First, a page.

Though the win will be a big boost morale in the camp, there was a lot of loose marking and loose hurling from both teams. By the end, the match had also lost much of its structure with rival players liable to show up anywhere. Furthermore, Limerick’s confidence remain fragile when things start running against them, ensuring that Galway’s success must be kept in perspective.

For all that, Sunday’s win was a step in the right direction and given that All Star Daithí Burke and Conor Whelan were omitted from the match-day squad, the competition for places will be intense, particularly as three substitutes against Limerick, Shane Moloney, Thomas Monaghan and Niall Burke, between them landed the last three scores of the match.

Connacht Tribune

Time and history conferred character on this home

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The Hermitage, Ballymoe: on the market with a €425,000 guide price.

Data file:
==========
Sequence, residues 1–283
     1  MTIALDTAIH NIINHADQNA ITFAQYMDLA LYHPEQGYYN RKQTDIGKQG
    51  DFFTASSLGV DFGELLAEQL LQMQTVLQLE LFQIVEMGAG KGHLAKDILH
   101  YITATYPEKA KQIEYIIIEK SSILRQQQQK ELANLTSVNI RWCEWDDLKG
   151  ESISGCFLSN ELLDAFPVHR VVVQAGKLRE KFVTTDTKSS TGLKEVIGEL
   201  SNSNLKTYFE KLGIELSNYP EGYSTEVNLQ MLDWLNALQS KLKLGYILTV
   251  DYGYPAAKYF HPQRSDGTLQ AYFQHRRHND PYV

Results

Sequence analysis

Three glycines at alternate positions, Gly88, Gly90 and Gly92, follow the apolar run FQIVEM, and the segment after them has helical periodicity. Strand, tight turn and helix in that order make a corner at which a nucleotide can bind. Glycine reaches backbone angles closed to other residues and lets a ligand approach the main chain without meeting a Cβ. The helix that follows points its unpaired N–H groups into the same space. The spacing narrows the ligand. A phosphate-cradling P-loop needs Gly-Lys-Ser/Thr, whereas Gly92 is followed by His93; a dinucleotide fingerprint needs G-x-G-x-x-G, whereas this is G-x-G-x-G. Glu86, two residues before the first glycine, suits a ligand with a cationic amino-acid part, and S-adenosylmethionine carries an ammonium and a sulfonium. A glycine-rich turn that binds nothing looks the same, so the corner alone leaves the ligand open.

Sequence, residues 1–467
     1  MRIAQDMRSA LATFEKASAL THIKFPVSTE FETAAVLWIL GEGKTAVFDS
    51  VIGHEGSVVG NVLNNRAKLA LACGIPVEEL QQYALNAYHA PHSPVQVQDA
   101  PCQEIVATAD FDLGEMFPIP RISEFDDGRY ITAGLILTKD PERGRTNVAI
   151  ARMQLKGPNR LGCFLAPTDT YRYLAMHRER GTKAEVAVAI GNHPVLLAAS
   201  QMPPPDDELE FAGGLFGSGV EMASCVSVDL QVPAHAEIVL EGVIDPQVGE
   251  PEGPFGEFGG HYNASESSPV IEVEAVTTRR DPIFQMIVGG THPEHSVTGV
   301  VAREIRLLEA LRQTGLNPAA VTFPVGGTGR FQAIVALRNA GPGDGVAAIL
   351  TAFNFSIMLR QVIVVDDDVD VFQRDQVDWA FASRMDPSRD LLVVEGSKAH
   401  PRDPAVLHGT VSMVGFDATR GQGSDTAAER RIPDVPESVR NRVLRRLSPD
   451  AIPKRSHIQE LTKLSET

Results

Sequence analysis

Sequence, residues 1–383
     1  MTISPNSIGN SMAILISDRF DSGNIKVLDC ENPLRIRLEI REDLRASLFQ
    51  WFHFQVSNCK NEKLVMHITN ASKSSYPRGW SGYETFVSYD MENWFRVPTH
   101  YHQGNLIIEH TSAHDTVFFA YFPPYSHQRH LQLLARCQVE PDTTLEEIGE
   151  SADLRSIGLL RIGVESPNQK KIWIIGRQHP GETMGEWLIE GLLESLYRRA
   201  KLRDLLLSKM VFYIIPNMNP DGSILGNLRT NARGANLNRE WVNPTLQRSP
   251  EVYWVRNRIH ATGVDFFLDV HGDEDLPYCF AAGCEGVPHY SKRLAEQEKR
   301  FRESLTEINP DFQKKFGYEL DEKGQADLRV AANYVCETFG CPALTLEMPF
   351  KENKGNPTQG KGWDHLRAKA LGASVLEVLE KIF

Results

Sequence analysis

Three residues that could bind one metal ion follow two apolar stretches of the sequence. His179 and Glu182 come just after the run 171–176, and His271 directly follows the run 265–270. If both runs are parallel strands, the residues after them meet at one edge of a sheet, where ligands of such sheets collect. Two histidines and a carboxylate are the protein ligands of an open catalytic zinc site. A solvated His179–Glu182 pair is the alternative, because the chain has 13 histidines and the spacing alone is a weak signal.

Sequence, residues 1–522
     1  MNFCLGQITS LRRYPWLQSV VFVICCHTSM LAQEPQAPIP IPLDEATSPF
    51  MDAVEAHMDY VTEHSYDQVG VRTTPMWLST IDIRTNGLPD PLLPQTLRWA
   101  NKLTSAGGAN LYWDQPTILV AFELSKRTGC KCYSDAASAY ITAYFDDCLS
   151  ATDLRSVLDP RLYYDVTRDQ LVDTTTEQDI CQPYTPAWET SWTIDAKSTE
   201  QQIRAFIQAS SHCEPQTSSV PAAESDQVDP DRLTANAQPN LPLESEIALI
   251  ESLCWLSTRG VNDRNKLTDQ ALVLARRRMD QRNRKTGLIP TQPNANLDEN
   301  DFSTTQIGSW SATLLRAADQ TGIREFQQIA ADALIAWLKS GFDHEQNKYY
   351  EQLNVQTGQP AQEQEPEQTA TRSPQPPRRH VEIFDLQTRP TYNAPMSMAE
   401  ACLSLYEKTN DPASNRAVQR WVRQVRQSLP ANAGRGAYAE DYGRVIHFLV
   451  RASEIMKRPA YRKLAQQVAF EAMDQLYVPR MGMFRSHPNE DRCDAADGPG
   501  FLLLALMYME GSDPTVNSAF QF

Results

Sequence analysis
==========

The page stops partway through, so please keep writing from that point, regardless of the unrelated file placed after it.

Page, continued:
The Hermitage at Lisnageeragh, Ballymoe is a property on which time and history has conferred a character that no new property could mirror.

Overlooking 16.3 acres of rolling green fields which are included in the sale, this is indeed a unique house and comes to market with charming well maintained stone buildings. These could provide further family accommodation, holiday rentals or craft studios.

The front hall has a beautiful, curved window and leads to two reception rooms on either side of the house. The sitting room has an open fireplace with a black cast iron surround and wooden floors which gleam from years of care and reflect the light coming from two large windows. To the right-hand side, the dining room also has an attractive bay window and an oil-fired stove and it is indeed the perfect social /entertaining space.

To the rear of the house the kitchen is a classic example of a successful marriage of the old and the new. Bespoke shaker style units combine perfectly with modern recessed lighting, attractive tiling and includes a pantry area to one side. A good-sized bedroom and adjacent bathroom complete the downstairs of the main house.

Upstairs there are four bedrooms one of which has an en suite shower. The main bedroom is a delightful space which leads to another small room, a perfect nursery or walk in wardrobe.

For more, read this week’s Connacht Tribune.

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Connacht Tribune

A time when we learned once more that no man is an island

Francis Farragher